Let's start with the first task, cleaning our path so we can correctly create a vfsStream URL from it. First we will replace any backslashes. However we also want to ensure the path is absolute at this point so we always know what we're dealing with:

File: src/Engine.php

public function render()
{
if (!empty($params)) extract($params);

if (file_exists($view)) {
$view = str_replace(DIRECTORY_SEPARATOR, '/', realpath($view));

ob_start();
include $view;
ob_get_flush();
} else {
throw new \Exception(sprintf('The file %s could not be found.', $view));
}
}

So what we're doing here is using realpath($view) to ensure even we are passed a relative path such as view/home.php our $view variable will be an absolute path.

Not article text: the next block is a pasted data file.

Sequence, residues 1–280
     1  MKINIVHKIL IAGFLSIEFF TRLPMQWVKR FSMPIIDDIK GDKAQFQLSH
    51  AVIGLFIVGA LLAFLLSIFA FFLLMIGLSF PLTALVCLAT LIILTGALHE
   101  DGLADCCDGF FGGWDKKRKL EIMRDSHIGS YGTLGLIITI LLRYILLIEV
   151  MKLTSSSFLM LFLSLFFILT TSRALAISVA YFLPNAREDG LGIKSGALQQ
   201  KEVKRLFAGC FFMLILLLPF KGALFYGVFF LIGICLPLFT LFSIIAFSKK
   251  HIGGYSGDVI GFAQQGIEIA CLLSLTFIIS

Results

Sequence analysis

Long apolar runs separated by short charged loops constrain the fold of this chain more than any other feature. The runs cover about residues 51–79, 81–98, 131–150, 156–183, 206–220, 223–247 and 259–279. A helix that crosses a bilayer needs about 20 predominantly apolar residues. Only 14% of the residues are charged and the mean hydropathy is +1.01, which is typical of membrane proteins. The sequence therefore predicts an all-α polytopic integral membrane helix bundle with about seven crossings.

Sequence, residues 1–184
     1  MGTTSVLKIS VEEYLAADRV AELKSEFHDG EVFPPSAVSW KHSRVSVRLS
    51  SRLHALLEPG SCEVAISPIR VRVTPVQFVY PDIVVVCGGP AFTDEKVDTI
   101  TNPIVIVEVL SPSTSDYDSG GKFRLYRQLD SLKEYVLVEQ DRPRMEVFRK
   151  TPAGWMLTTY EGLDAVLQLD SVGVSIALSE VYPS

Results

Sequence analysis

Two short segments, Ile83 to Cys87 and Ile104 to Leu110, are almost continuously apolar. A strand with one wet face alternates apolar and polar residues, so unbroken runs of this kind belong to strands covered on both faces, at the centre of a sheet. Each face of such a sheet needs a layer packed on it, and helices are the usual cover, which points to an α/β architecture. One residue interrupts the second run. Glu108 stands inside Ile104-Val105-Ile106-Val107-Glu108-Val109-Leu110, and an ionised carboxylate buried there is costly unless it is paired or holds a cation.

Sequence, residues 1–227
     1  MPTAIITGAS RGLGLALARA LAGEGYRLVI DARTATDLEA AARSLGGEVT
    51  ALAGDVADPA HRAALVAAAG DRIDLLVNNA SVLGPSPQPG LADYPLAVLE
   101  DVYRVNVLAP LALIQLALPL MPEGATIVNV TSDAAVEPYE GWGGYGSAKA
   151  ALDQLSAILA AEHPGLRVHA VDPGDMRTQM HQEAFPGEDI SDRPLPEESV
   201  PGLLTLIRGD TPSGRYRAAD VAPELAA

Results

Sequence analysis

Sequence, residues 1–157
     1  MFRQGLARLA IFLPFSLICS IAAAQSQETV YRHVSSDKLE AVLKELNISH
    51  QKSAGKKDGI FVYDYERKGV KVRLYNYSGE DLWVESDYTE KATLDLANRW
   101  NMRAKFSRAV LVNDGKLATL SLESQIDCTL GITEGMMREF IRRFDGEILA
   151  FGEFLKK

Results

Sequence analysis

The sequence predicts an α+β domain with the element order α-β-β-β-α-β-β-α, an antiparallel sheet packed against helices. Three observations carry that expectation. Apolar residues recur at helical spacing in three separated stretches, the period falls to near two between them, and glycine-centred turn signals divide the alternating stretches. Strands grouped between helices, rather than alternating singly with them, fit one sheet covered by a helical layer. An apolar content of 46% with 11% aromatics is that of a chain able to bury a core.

Our First Regex Pattern

Next we need to remove any unwanted parts from the beginning of our absolute path. Depending on the operating system we should now have a path like C:/xampp/htdocs/sites/template/views/home.php or /var/www/template/view/home.php. For the Windows path we want to remove the C:/ and for Linux/Unix we want to remove the first slash /. To do this we can use preg_replace to cover us for both scenarios:

File: src/Engine.php

public function render($view, $params = [])    
{
if (!empty($params)) extract($params);

if (file_exists($view)) {
  $view = str_replace(DIRECTORY_SEPARATOR, '/', realpath($view));
  $vfs_viewpath = preg_replace('~^([\w.-]:)?/+(.*)$~', '$2', $view);

  ob_start();
  include $view;
  ob_get_flush();
} else {
throw new \Exception(sprintf(The file %s could not be found.', $view));